Although my site mostly covers the US CPA exam, I’ve received lots of questions on the new CPA Canada designation. Readers have also asked me about the Canada CPA Exam. So, I decided to write a short post on the basics. At the end, you’ll also find info about how to become a CPA in Canada from the USA.
So, what’s the difference between getting a credential from CPA Canada vs. the US CPA? Well, in the United States, individual boards of accountancy grant the Certified Public Accountant credential instead of a national governing body. In fact, each state and territory has its own board of accountancy, meaning the US has 55 in total. And those boards set the requirements to get the CPA license. Although they generally follow the recommendations of the AICPA and NASBA, the boards still have the final say in specific education standards and experience benchmarks. Likewise, they can even set continuing education requirements.
Similar to the US, each Canadian province has its own regional accounting body. However, in 2013 and 2014, three of the biggest Canadian credential organizations decided to merge. Today, CPA Canada is a national organization representing the unification of the CIGA (Canadian Institute of Chartered Accountants), the CMA Canada (Society of the Management Accountants of Canada), and CGA-Canada (Certified General Accountants of Canada). Moreover, CPA Canada took a bold move by merging several former accounting qualifications (CA, CMA, and CGA) into one CPA (Chartered Professional Accountant) designation. Consequently, the process was completed with much success.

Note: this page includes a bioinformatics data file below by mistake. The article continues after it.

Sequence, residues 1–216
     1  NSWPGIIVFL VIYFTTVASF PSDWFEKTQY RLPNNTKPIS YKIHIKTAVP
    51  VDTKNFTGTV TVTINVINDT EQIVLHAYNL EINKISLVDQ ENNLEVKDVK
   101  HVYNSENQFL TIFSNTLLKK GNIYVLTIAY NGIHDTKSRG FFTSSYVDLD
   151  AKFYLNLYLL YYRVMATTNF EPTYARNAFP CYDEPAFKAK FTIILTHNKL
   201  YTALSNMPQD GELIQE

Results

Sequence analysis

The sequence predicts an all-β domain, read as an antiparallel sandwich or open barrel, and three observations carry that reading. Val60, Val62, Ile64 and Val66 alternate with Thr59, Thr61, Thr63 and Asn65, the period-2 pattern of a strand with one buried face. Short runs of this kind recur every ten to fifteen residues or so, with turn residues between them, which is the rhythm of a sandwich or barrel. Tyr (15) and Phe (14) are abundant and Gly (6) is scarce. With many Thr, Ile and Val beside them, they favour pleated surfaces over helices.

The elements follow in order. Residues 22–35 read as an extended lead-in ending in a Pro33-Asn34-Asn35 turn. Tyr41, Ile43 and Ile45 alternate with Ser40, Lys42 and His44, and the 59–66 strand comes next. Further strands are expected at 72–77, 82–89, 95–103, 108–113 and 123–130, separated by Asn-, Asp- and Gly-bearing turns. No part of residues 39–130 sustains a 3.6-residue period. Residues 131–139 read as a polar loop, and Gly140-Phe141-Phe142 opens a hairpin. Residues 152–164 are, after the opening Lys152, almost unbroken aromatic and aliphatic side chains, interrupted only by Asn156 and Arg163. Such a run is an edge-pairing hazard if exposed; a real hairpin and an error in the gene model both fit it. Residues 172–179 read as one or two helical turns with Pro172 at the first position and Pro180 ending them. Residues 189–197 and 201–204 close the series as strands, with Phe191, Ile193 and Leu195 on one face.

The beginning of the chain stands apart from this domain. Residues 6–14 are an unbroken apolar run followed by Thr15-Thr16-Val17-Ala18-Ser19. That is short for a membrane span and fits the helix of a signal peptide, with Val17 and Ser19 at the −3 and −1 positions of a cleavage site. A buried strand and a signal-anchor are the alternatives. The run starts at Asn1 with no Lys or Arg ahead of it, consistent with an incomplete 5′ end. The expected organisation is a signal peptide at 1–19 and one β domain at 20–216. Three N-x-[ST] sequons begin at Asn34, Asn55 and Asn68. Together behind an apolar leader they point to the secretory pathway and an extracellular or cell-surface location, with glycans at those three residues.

Therefore, CPA Canada partners with regional Canada accounting bodies to award the CPA credential. In a similar way, NASBA and the AICPA work with the individual boards of accountancy in the US.
First, Canada CPA candidates must have an undergraduate education in certain related subject matters. Or, they gain education through preparatory courses. Then, they enter the Canada CPA’s “CPA Certification Program,” gain experience, and participate in a capstone project. Finally, they must pass the Common Final Examination (CFE).
In short, candidates have few different paths to become a Chartered Professional Accountant in Canada. However, both paths lead candidates through the CPA PEP, or Professional Education Program.
If you already have an undergraduate degree with an accounting focus, then follow this default route to become a CPA in Canada. If qualified, you will be admitted to the CPA PEP.
Shown on the right is an extract of the CPA Competency Map. Additionally, you can get more info and download the full version here.
If you’re an international candidate, or if your undergrad degree isn’t in accounting, don’t worry. After all, those who are not qualified to immediately enter CPA PEP based on their lack of education prerequisites can enroll in CPA preparatory courses, or CPA PREP. Moreover, they help candidates pick up the knowledge and skills they lack. In this way, non-accounting majors and international candidates can work to become a CPA in Canada.
Currently, you can choose from 14 different CPA PREP courses. Each covers specific skills and ends with an exam. For example, titles include “Introductory Financial Accounting,” “Economics,” and “Business Law.” The courses are offered part-time through a blend of self-study, distance learning, or in classroom settings. Check out this page for more info about the Canadian CPA prep courses.